Michigan -- and there's one that's struggled to
stay alive in Windsor, members say -- its
services are hardly intelligible to anyone who is
not Ethiopian, as they are delivered in an ancient Semitic tongue called Ge'ez.
Its services began in a back hall of the
Spiritual Israel Church and Its Army, an
African-American church in Pontiac whose building was rented.
Slowly, it raised money for this endeavor, even
benefiting from the housing crisis. When the
founders first looked at the property, the asking
price was more than double the $300,000 they paid for it a year later in 2006.
Founded by a handful of families, the church now
serves about 110 Ethiopian adults and about 50
children. All live in southeast Michigan and
nearby parts of Ohio and Ontario, though some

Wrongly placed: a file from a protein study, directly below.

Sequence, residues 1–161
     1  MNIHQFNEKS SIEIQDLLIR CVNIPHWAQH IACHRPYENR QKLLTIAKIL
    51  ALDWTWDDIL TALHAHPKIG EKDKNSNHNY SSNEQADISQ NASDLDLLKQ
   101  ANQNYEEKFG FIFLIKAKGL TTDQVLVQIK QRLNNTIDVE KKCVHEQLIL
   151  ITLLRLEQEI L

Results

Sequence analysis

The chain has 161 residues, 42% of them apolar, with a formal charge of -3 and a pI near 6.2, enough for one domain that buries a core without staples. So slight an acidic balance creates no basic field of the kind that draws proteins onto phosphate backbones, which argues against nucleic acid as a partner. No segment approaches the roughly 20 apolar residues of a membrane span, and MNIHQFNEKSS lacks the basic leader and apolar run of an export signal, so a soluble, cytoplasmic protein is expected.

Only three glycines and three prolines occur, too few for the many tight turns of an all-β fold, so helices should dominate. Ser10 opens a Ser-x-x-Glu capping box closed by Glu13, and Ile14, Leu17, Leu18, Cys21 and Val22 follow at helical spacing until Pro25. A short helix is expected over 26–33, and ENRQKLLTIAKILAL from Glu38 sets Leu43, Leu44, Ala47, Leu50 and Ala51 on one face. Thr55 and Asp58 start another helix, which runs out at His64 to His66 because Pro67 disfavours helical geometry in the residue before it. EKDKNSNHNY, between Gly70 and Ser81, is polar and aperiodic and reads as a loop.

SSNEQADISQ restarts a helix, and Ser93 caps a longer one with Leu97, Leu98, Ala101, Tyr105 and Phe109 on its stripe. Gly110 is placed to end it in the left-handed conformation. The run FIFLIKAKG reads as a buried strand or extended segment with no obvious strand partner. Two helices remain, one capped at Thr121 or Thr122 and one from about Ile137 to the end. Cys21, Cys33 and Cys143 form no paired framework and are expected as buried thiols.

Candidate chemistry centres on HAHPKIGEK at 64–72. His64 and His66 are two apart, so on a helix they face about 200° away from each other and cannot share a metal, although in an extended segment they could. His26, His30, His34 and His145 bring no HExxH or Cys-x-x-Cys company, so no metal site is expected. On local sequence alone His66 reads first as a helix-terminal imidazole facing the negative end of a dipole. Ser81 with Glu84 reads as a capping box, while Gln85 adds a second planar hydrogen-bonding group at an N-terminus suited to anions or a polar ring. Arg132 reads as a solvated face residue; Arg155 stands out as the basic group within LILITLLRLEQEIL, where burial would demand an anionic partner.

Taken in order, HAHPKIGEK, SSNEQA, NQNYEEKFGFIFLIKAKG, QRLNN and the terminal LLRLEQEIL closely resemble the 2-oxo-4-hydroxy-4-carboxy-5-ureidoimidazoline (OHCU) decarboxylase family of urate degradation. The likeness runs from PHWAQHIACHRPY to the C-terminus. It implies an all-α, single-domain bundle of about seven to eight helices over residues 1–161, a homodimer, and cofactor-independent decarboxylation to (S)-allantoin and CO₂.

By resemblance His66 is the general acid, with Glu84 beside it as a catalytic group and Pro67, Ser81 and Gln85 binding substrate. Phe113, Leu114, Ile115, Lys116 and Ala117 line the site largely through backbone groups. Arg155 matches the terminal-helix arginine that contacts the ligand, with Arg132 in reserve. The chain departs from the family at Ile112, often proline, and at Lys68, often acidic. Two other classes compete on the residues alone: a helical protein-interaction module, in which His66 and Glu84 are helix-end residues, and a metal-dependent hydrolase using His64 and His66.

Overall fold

come from farther locales, including the lengthy
drives from Grand Rapids, Lansing and Kalamazoo.
Abby Tesfaye and Wyne Sebsibie traveled from
Toronto for a recent Sunday service. A friend,
Aida Endrias of Canton, was having a birthday
party for her 7-year-old daughter, Helina Wondwossen.
"We like the services here," said Tesfaye, who
comes here two or three times a year and attends
a similar church in Toronto. "It's a very close
community, and it's small; ours is big. We get lost over there."
The entire service at Teklehaimanot, as at all
Ethiopian Orthodox services, is in the Ge'ez
language. Used only in religious services, it has
a role similar to that of Latin in the Roman Catholic Church.
Some of the church's rituals have not changed
since several centuries after the birth of Christ.
The church follows a 13-month lunar calendar. On
Aug. 30, the memorial festival of St.
Teklehaimanot is celebrated. In September, all
Eritrean and Ethiopian Orthodox churches
celebrate Meskel, Ge'ez for "cross." It includes
a large bonfire to commemorate St. Helena's
discovery of the cross on which Jesus Christ was killed.
The orthodox churches of Ethiopia and Eritrea,
Ethiopia's small neighbor to the north, were
connected until the countries fought a bloody